In total, NCPV has over 300 catalogue items available on the Culture Collections website. Advantages to virologists looking to deposit into the collection include the ability to independently authenticate virus identity, sterility and mycoplasma testing, for which a Certificate of Analysis is provided. NCPV is certified to ISO 9001; shipping is compliant with global biosecurity regulations, and deposited viral strains are made available to scientists globally. Flexible release dates (for example ensuring the strain is only available after the publication of a given manuscript) are also available.

The value of biological resources such as NCPV to the scientific community is far reaching, and there is a recognised need for the conservation of organisms for future use. The importance of such collections is evidenced by the diversity and quality of the organisms and associated data they hold, the research they support and contribute to, the advances in industrial processes and biotechnology as a result of their use, as well as the role that they play in addressing global public health, societal and economic challenges.

As NCPV enters its third decade of operation and its parent organisation transfers from PHE to the United Kingdom Health Security Agency (UKHSA), it is anticipated that the collection will continue to expand to meet the ever-growing needs of the global virology community.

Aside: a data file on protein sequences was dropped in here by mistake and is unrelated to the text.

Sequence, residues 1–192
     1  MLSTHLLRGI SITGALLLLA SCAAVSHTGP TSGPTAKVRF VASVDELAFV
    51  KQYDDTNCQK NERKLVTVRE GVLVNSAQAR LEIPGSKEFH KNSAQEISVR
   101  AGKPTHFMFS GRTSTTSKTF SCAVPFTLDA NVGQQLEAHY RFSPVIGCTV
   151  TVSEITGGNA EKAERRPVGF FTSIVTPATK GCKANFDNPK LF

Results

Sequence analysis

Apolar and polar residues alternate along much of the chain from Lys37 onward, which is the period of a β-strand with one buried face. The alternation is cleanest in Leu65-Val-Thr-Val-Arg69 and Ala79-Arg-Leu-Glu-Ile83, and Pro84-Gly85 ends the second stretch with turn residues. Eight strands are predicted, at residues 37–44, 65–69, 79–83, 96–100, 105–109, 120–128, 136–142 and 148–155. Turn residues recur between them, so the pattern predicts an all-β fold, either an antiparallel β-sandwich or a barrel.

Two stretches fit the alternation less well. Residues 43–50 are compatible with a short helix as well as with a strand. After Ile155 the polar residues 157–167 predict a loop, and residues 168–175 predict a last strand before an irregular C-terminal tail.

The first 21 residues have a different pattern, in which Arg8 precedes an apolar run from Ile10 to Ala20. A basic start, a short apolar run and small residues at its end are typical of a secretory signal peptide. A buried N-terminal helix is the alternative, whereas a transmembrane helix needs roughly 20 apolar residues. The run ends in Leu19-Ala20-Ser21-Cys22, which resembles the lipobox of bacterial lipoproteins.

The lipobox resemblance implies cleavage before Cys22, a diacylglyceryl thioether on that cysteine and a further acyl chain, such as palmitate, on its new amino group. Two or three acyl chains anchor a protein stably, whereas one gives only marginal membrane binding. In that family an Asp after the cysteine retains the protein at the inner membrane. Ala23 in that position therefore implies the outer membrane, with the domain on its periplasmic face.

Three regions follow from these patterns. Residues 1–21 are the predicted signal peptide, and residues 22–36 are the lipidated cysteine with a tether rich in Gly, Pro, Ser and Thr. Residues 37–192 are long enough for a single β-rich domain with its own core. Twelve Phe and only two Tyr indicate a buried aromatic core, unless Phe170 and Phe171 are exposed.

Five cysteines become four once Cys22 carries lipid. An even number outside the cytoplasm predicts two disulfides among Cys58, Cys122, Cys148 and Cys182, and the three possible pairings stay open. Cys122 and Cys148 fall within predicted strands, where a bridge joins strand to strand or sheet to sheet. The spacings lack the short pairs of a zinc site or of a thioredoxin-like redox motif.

Further reading

Afrough B, Eakins J, Durley-White S, Dowall S, Findlay-Wilson S. X-ray inactivation of RNA viruses without loss of biological characteristics. Sci Rep 2020;10:21431.

Dowall SD, Graham VA, Rayner E, Atkinson B, Hall G et al. A susceptible mouse model for Zika virus infection. PLOS Negl Trop Dis 2016;10: e0004658.

Dowall SD, Graham VA, Rayner E, Hunter L, Atkinson B et al. Lineage-dependent differences in the disease progression of Zika virus infection in type-I interferon receptor knockout (A129) mice. PLOS Negl Trop Dis 2017;11:e0005704.

Emerson D, Wilson W. Giving microbial diversity a home. Nat Rev Microbiol 2009;7:758.

Kühnel D, Müller S, Pichotta A, Radomski KU, Volk A et al. Inactivation of Zika virus by solvent/detergent treatment of human plasma and other plasma-derived products and pasteurization of human serum albumin: inactivation of Zika in plasma derivatives. Transfusion 2016;57:802–810.

Milewska A, Chi Y, Szczepanski A, Barreto-Duran E, Dabrowska A et al. HTCC as a polymeric inhibitor of SARS-CoV-2 and MERS-CoV. J Virol 2021;95:e01622-20.

Smith D, McCluskey K, Stackebrandt E. Investment into the future of microbial resources: culture collection funding models and BRC business plans for biological resource centres. Springerplus 2014;3:81.

Ellie Drinkwater

NCPV Virologist



Dr Sarah Alexander

Lead Microbiologist

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Image: Dr_Microbe/iStock. Zika virus.